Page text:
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Illegal Casino Operation Shut Down in Pennsylvania

An illegal gaming lounge in Berks County, Pennsylvania, has been raided by police and has been officially shut down. Fifty-seven machines and more than $68,000 in cash were seized from the property after an investigation revealed the illegal activity.

The business under question was 777, located in Shillington, Pennsylvania. State police announced that an investigation began in February, and authorities recently had enough evidence to issue search warrant.

Residents in Shillington brought the business to the authorities’ attention when the 777 was looking to expand. Illegal slot machines were all taken away, and charges are expected to be made for the owners of 777.

The business was not actively trying to hide the machines from the general public, and they were calling these “skilled gaming machines.” These gaming machines are very similar to slot machines, but it requires the bettor to determine the winning pay line.

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777 believed that they were able to own and operate these machines, but police in the state have deemed otherwise. Seven hundred seventy-seven turned an entire store in a strip mall into a gaming parlor filled with these machines.

Controversy Surrounding Machines

These skill gaming machines can be found throughout Pennsylvania, but that doesn’t mean that they are legal. There has been a long battle surrounding the games, and law enforcement has taken things into their own hands when trying to remove them.

Bars, gas stations, restaurants, and even grocery stores are all known to have the slot-like devices available for their patrons. The casino operators in the state of Pennsylvania have been looking to get these machines shut down, and they have some valid arguments.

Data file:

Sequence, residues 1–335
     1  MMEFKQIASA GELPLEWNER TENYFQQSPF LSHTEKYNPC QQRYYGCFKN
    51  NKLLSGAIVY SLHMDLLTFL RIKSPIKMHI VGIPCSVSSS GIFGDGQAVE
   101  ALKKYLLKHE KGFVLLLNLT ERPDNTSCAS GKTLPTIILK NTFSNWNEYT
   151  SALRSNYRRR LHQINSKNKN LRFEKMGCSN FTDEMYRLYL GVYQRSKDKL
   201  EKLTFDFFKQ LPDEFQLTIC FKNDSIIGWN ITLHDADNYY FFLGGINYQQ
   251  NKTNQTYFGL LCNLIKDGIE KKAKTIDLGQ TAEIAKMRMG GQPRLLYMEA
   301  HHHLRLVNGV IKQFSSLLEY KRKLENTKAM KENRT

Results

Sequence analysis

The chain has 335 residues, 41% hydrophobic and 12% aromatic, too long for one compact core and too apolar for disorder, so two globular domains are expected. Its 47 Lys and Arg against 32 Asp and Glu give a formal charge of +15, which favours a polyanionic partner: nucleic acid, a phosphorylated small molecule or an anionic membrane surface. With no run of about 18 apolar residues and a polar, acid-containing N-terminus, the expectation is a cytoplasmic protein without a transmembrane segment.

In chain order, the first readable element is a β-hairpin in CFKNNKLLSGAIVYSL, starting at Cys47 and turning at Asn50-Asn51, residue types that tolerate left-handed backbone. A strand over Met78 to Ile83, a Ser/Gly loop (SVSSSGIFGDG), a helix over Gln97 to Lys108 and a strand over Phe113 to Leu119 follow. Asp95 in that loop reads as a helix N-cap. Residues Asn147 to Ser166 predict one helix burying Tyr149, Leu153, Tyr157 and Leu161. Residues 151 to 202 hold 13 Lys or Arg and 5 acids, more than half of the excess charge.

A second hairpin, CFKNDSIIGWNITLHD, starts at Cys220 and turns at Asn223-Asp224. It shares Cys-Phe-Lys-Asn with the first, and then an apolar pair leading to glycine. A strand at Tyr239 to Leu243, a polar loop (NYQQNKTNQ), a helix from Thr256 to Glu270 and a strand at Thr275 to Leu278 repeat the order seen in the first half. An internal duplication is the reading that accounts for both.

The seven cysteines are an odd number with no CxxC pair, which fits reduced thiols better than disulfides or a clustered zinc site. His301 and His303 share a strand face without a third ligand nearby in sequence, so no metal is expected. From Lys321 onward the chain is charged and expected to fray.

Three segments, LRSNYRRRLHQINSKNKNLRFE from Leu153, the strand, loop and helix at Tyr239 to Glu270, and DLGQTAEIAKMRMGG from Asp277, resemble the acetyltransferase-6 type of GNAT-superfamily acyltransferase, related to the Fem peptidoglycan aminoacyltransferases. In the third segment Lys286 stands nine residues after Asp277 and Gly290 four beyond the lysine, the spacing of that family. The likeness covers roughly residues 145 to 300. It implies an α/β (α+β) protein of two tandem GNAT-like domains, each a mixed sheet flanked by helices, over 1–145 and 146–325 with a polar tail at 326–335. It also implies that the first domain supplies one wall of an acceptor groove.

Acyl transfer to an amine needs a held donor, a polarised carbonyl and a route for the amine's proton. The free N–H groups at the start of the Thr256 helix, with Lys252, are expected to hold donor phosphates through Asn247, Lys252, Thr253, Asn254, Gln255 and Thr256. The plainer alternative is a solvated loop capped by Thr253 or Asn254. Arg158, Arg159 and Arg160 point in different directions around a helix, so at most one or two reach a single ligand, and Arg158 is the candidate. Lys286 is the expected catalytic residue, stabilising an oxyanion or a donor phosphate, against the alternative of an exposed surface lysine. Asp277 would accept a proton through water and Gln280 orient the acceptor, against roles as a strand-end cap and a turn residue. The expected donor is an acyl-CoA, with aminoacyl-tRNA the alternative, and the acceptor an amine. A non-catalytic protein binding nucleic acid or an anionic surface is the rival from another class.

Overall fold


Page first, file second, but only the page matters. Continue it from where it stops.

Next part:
Casinos have to share a portion of their gross gaming revenue with the state, and they also have to pay millions of dollars in licensing fees. The businesses that offer these skill gaming machines do not, and that has sparked the controversy.

Businesses that offer skilled gaming machines share some of the profits, but that money goes back to the manufacturer and distributor. At least ten manufacturers of these specialized gaming machines are under investigation by law enforcement in the state.

Fifty-four percent of all gross gaming revenue from slot machines at the casinos is paid back to the state, which also gets 16 percent of all revenue from table games. Even though these games are called something different, most in the gaming industry believe they are the same.

Penn National Starting to Speak Out

What started as a small controversy and a little battle has now turned into a significant argument in Pennsylvania. Penn National Gaming has joined in, and they are against skilled gaming machines, as expected.

Penn National Gaming is the oldest casino operator in the state, and they are a massive name in the Northeast region of the US. Penn National is looking to expand its operations, but they want these illegal machines to deal with it.

Lawmakers in the state of Pennsylvania are also making their opinions felt on the topic, and Penn National Gaming is trying to use their power to sway the vote. Some lawmakers are in favor of legalizing these machines but charging a licensing fee for the operators.

Penn National is looking to build a new mini-casino in Morgantown, and they paid $7.5 million for that right. This location is just 10 miles away from the site that 777 was running their illegal operation.

Penn National will be paying the standard licensing fees and taxes to the state, but they hope that they will have less competition from these “illegal” machines.

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